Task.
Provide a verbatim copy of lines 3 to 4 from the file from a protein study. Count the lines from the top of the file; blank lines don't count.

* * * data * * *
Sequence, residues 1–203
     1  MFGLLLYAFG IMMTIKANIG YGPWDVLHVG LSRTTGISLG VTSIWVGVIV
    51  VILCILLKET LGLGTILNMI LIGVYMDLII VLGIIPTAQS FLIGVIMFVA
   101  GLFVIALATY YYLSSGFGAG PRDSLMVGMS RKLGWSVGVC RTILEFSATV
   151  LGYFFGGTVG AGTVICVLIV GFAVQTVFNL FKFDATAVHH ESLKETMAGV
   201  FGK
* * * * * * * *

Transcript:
    51  VILCILLKET LGLGTILNMI LIGVYMDLII VLGIIPTAQS FLIGVIMFVA
   101  GLFVIALATY YYLSSGFGAG PRDSLMVGMS RKLGWSVGVC RTILEFSATV